Basketball—forty minutes. Football—sixty minutes. Baseball—180 minutes. These sports capture our attention for hours. We talk about them by the proverbial water cooler, or, in the case of the Cornhuskers, we talk about them wherever we happen to find ourselves. They are lengthy discussions. After all, a three-pointer, turnover, or a grand slam can turn the game on its head. But…what if you watched something that just a movement of two inches changes the result from victory into defeat?
Wrestling, most of the time, seems like the proverbial younger brother of the other sports. It’s most dedicated followers live mostly in pockets of the Midwest. The matches themselves do not last for hours but mere minutes. If one watches closely enough, each minute can seem an eternity.
Traveling to the NAIA national championships in Des Moines, Iowa, was a fascinating experience. For those whose attention spans are “challenged,” it is the sport of kings. Six mats. Seven minutes. Eight young men who will make “All-American” in their respective weight divisions. Each moment was racked with tension. In the end, the person who struck perfectly had his hand lifted in the air.
I met with a number of parents over the course of three days. As they talk, you sense the pride that they have in their sons who are showcased in feats of strength and quickness. Of course the pride in their eyes is mixed with well-hidden fear. Wrestling is not a sport for the faint of heart. Every joint is twisted. Arms are bent at angles that would break tree limbs. Bodies are slammed to the mat in an almost felonious manner. The matches are like sprinting marathons. After seven minutes, sweat pours from the contestants. The men seem as if they are almost too weak to move. Of course they have to get ready for another couple of matches that day.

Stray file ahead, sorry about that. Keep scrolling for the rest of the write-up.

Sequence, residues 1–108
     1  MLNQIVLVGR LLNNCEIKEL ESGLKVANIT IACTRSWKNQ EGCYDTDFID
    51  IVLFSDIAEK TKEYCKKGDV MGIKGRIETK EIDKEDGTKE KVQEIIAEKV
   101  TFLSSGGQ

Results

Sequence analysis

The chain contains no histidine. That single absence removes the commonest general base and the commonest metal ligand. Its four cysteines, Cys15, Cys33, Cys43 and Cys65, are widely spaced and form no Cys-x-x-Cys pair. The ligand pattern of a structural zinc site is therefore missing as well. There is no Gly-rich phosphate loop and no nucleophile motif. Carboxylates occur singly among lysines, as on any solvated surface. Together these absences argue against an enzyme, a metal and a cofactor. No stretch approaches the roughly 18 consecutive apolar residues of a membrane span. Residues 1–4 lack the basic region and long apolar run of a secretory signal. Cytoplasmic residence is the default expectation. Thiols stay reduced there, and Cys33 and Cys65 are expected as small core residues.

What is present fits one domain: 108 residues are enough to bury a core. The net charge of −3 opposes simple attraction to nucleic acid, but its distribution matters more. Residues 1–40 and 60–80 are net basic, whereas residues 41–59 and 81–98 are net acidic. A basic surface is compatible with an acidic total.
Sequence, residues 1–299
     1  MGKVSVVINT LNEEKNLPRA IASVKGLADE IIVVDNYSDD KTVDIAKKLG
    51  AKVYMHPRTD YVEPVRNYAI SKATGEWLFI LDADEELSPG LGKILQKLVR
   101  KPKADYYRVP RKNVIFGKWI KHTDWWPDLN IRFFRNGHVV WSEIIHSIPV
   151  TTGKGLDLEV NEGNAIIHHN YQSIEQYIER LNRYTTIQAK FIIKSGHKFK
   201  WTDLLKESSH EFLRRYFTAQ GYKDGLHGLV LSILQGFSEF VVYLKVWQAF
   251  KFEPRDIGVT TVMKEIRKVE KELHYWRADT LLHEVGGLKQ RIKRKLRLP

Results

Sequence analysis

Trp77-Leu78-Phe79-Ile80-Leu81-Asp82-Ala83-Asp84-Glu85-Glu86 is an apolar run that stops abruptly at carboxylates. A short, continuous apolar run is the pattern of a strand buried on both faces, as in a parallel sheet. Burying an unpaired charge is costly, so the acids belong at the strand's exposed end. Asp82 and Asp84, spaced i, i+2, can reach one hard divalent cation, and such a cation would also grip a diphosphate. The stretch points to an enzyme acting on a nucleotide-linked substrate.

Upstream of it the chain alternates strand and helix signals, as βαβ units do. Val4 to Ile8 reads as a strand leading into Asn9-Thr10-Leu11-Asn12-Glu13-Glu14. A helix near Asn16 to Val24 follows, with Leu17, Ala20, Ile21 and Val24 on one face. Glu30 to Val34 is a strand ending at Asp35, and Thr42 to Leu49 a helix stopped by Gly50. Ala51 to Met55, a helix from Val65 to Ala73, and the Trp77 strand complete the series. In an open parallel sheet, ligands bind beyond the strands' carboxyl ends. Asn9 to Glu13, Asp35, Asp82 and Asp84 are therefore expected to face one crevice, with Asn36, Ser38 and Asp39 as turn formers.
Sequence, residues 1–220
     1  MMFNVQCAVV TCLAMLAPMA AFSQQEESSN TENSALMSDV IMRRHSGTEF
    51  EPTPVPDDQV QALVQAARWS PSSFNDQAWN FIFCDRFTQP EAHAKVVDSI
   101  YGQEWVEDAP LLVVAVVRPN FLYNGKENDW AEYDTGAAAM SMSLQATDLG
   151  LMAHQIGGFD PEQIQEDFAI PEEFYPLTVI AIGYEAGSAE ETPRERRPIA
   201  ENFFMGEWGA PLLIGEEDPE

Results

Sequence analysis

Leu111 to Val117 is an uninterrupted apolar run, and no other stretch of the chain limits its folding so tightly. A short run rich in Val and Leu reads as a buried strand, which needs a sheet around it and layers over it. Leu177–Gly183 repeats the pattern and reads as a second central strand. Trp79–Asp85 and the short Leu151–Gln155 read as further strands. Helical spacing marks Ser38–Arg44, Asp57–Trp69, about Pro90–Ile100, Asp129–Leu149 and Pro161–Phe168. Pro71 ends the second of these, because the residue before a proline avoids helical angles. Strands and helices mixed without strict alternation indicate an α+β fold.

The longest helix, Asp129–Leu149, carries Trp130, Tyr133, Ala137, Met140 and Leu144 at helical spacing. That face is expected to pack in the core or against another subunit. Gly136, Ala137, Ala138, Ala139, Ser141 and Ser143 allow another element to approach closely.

Concordia’s wrestlers filled me with pride. They were fierce and yet honorable. When each match was done, they would rise from the mat, win or lose, and go shake the opponent’s coach’s hand. I remember when Julian Silva lost one of his matches, his mouth bloodied and body spent, he rose up on one knee and then another. It was almost as if Sisyphus was pushing the boulder up the hill. He approached the coach and then went out of his way to shake the other wrestler’s hand who had defeated him.
It’s that moment that signifies wrestling. Two men battling and spending themselves, and then rising up to honor the effort. Adam, Alex, Jake, Brandon, Alfredo, Seth, Julian, and Brandon made me proud to be a Bulldog. Three are All-American’s—Adam, Jake, and Julian, but they are all men. If you have a chance to congratulate them, please do. They showed incredible honor to themselves, their families and their university last weekend—if only for seven minutes at a time.
After rereading the experiences at the national tournament, one always remembers something that he should have said, but didn’t. Hind-sight, is not twenty/twenty, but sometimes moments will flash and you realize something that was glaring. I suppose that’s one nice thing about being able to add something in the future.
Dillon Heesch, our heavyweight wrestler, proved to be an outstanding competitor at the national meet. In his first two matches, he pinned both wrestlers within a minute. I talked to him shortly before his second match, and he didn’t say much. He was completely focused, his eyes not leaving the mat even when he was answering my questions.
In Dillon’s next match, he severely injured his elbow. You could sense the pain that he was in, and beyond all amazement, he wrestled even being hampered by only using one arm. Try swimming sometime with one arm and see how effective you are. Dillon fought through it gracefully. He was certainly disappointed, but you could sense pride in the fact that he battled through the pain and never gave up. He fell just short of All-American status, losing in the “heart-break” round. Yet his heart was strong though an arm didn’t work perfectly. We were all very proud of Dillon and he certainly deserved special mention for his efforts during that weekend. I am truly sorry for omitting you from the first story.
Again, we are proud of all of our wrestlers. They were true ambassadors that weekend and wonderful reminders of the true spirit of competition. We’ll keep you informed of more stories as they come down the line.